Short Non-coding RNA Biomarkers of Predisposition to Ovarian Cancer (sncRNA)

This study is currently recruiting participants. (see Contacts and Locations)
Verified May 2014 by University of Virginia
Sponsor:
Information provided by (Responsible Party):
Susan Modesitt, MD, University of Virginia
ClinicalTrials.gov Identifier:
NCT01187602
First received: August 22, 2010
Last updated: May 19, 2014
Last verified: May 2014
  Purpose

The purpose of this study is to create new tests to identify biomarkers for ovarian cancer so that a screening test can be developed. For patients who have a diagnosis of ovarian Cancer, researchers will use blood samples before and after treatment to see if disease status can be determined by measuring the amount of biomarker.


Condition
Ovarian Cancer

Study Type: Observational
Study Design: Observational Model: Case Control
Time Perspective: Prospective
Official Title: A Pilot Study of Short Non-coding RNA Biomarkers of Predisposition to Ovarian Cancer

Resource links provided by NLM:


Further study details as provided by University of Virginia:

Primary Outcome Measures:
  • Defining sncRNA alterations associated with hereditary predisposition to ovarian cancer [ Time Frame: 24 months ] [ Designated as safety issue: No ]
    Serum samples will be collected from patients with known BRCA mutations. As a control, we will recruit age-matched women undergoing gynecologic evaluation for benign disease without any personal or family history of cancer. The normal and BRCA mutation groups will be pooled for deep sequencing. Pooled sample short RNAs will be cloned and subjected to deep sequencing and bioinformatic analysis. Validation of 5-10 differentially expressed sncRNAs is performed by quantitative RT-PCR and Northern blots on individual control and high risk samples.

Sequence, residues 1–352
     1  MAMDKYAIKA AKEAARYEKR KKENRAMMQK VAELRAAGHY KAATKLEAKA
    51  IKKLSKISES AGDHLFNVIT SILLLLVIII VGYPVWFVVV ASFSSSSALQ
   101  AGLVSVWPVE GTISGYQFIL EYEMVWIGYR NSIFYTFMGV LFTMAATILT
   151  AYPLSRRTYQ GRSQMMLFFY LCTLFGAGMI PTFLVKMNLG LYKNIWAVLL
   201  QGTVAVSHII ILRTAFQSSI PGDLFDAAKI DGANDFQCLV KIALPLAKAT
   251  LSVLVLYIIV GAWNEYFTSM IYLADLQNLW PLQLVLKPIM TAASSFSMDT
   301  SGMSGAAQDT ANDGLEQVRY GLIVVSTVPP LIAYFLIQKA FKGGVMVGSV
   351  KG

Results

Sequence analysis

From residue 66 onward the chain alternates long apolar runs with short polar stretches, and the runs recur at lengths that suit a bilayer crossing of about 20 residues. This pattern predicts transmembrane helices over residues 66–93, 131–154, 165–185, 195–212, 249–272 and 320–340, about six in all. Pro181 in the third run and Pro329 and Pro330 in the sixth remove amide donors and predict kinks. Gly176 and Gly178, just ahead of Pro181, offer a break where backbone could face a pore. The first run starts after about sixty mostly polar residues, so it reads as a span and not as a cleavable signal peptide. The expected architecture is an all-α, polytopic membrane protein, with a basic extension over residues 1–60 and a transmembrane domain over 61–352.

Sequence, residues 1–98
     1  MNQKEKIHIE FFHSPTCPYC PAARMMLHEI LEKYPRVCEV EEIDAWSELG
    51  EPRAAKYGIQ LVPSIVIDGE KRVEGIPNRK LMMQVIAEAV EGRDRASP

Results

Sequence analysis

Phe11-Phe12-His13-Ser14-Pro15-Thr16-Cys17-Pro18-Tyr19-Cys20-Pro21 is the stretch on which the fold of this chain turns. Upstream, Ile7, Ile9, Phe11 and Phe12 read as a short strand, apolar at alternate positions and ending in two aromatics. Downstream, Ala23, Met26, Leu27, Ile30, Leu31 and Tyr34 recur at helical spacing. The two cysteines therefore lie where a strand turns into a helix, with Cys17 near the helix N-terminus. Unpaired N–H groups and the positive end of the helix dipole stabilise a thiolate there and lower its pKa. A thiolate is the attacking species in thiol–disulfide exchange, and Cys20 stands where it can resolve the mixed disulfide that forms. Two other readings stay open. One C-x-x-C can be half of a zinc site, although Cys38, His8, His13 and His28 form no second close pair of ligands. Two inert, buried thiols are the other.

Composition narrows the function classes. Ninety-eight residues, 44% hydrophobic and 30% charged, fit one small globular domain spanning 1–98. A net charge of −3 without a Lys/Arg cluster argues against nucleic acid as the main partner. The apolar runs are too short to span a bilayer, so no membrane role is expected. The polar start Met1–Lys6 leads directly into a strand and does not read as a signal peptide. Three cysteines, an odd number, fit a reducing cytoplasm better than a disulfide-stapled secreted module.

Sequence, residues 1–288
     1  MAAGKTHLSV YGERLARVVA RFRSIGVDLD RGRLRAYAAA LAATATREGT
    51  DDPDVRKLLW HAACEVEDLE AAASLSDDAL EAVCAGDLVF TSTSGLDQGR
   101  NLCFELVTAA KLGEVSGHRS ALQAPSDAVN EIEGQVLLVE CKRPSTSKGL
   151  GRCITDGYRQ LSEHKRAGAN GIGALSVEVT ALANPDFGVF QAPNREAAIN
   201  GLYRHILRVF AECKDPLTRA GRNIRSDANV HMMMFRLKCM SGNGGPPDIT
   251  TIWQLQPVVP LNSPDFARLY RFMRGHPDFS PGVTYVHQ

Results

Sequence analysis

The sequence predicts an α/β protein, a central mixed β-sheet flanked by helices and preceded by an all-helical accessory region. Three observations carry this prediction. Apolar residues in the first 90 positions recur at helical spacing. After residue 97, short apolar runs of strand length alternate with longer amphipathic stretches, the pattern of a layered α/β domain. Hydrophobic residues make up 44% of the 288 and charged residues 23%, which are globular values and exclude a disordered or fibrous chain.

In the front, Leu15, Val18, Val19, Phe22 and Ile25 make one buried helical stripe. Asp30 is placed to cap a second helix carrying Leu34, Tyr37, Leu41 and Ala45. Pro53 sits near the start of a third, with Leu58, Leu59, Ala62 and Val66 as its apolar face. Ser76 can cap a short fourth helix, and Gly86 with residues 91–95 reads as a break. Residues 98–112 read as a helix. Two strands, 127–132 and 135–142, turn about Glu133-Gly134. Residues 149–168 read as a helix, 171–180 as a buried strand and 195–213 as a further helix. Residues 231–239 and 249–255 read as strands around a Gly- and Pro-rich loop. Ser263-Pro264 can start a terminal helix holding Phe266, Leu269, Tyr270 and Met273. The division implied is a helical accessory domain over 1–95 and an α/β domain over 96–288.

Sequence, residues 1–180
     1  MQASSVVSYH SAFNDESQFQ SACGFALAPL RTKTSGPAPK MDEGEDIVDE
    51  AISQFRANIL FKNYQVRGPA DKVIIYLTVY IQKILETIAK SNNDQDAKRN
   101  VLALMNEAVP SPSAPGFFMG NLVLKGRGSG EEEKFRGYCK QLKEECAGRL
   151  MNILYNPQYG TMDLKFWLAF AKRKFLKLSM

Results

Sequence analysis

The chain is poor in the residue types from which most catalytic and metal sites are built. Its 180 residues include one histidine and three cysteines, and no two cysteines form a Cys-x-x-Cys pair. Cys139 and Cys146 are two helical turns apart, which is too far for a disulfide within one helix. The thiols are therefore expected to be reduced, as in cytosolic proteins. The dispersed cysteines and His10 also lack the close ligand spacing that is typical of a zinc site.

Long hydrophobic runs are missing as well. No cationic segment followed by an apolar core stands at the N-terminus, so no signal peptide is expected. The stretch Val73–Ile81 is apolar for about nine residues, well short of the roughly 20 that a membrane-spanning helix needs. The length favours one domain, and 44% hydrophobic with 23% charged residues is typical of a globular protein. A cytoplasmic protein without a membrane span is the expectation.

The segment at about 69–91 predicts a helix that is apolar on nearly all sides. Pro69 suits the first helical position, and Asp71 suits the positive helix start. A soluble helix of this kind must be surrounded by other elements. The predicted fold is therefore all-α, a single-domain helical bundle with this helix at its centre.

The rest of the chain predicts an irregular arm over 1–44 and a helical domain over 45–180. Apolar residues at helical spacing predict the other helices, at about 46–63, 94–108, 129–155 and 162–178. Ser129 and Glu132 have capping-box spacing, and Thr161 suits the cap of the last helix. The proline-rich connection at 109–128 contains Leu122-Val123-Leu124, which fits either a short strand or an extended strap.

• Identification of serum derived sncRNA biomarkers that correlate with disease burden in ovarian cancer. [ Time Frame: 24 months ] [ Designated as safety issue: No ]
    In this aim pre- and post-remission samples from twenty women with stage III-IV ovarian cancer will be compared to twenty samples from control cancer-free subjects. Methods used will be essentially identical to those described above however, given the opportunity to use each patient as her own control and thus minimized confounders we believe deep sequencing of samples individually will provide better quality data and more robust statistical comparison.


Biospecimen Retention:   Samples Without DNA

plasma


Estimated Enrollment: 103
Study Start Date: August 2010
Estimated Study Completion Date: June 2014
Estimated Primary Completion Date: June 2014 (Final data collection date for primary outcome measure)
Groups/Cohorts
Women at average risk for ovarian cancer
Women at average risk for ovarian cancer (no first degree relatives with breast or ovarian cancer) undergoing gynecologic evaluation at UVA for non-malignant or routine indications.
Women with ovarian cancer
Women with known or suspected ovarian cancer who are undergoing evaluation and/or treatment at UVA Cancer Center
Increased risk for ovarian cancer
Women at increased risk of ovarian cancer based on family history, personal history, or genetic factors defined as either BRCA1 or BRCA2 mutations who still retain both fallopian tubes and both ovaries.

Detailed Description: